Once you've got all that you can apply for jobs. As an International Medical Graduate (IMG) you will be bottom of the pile in terms of priority so I would not hope to be working in Manhattan or something. However, psychiatry isn't exactly the most popular either so if you do stick with that choice it will make things easier.
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    (Original post by nexttime)
    This is my understanding based on reading other threads on the topic:

    Your wife being american is important - the green card has all the immigration stuff sorted, as far as i'm aware.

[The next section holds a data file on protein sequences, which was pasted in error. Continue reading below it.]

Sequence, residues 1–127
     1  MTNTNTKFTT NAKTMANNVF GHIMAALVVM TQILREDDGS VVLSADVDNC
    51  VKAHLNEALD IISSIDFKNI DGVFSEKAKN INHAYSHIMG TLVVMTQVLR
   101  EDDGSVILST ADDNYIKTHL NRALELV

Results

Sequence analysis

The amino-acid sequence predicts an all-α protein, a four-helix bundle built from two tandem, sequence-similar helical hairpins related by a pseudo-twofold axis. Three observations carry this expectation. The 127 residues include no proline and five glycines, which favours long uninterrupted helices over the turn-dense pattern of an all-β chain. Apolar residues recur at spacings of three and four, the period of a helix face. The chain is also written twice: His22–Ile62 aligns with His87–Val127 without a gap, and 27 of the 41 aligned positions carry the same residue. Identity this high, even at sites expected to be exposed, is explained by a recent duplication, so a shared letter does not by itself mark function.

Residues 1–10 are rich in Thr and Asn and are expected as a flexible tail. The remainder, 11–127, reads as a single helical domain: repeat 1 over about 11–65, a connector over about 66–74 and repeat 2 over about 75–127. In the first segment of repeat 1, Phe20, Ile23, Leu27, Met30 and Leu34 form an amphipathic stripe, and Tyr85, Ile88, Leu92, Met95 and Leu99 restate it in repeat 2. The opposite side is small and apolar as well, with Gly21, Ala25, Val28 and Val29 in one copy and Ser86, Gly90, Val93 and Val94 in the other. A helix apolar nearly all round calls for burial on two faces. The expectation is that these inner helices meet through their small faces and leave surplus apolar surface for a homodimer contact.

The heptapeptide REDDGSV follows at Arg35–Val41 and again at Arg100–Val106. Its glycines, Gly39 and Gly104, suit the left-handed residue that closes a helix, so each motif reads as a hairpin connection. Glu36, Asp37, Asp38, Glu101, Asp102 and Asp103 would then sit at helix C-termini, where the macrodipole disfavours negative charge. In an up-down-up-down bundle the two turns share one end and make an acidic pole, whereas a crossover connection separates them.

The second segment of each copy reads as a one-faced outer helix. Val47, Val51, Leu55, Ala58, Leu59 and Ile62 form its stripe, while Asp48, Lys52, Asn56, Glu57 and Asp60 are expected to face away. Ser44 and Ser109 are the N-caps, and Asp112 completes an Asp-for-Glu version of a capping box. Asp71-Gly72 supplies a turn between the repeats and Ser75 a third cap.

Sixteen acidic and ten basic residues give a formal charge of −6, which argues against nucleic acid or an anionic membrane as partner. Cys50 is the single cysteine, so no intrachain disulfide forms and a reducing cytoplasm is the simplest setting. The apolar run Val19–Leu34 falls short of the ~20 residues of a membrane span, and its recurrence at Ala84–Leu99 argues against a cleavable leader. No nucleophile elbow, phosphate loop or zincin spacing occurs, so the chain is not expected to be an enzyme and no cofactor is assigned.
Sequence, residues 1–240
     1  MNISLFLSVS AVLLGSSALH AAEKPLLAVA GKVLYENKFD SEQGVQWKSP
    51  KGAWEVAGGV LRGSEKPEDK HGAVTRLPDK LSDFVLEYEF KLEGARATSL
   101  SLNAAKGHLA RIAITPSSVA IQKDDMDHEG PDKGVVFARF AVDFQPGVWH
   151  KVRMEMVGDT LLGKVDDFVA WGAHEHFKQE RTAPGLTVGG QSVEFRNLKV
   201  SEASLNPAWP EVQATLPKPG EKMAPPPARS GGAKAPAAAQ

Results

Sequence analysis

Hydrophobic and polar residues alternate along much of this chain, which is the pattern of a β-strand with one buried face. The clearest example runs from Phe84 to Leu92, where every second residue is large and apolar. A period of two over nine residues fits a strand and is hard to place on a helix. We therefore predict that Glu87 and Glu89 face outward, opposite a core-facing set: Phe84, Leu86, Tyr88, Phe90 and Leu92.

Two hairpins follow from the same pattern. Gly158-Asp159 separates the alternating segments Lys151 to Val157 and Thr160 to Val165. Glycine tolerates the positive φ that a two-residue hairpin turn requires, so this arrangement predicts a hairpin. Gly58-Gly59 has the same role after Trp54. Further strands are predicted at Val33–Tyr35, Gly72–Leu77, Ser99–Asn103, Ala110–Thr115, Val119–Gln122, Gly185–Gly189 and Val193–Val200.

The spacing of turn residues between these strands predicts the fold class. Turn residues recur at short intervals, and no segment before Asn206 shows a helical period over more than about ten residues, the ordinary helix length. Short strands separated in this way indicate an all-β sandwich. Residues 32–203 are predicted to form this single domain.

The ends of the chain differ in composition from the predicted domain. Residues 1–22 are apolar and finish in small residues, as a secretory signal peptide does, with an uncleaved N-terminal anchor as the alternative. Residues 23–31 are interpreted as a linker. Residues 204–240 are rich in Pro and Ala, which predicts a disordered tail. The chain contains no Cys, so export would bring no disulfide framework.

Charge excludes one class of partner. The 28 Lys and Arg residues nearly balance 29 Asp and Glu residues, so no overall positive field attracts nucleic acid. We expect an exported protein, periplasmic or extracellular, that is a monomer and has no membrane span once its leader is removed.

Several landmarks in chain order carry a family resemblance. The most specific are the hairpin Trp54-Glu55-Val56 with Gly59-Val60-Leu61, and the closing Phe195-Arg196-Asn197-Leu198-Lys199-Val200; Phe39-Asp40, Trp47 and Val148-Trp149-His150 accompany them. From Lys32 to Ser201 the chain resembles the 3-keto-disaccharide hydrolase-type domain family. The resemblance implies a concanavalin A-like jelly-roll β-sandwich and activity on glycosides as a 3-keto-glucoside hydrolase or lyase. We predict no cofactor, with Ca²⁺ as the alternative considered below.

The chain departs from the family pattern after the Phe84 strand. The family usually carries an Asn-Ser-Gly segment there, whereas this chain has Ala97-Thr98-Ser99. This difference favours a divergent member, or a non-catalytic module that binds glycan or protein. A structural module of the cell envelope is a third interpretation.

Next you need USMLE, the US equivalent of final exams. This is a series of exams you can pay for privately. All the advice on here is that its much easier to do them as you go through med school rather than waiting until after, so you need to be determined and proactive about doing these exams. They are no small feat - they do a lot of basic science in the US so on some courses (and tbf most GEM courses) you will need to learn a good chunk of extra content, and the pass rate is low.They are not cheap either, especially the clinical component, which much be done in the USA (although you could happily do that part after graduation).

    Once you've got all that you can apply for jobs. As an International Medical Graduate (IMG) you will be bottom of the pile in terms of priority so I would not hope to be working in Manhattan or something. However, psychiatry isn't exactly the most popular either so if you do stick with that choice it will make things easier.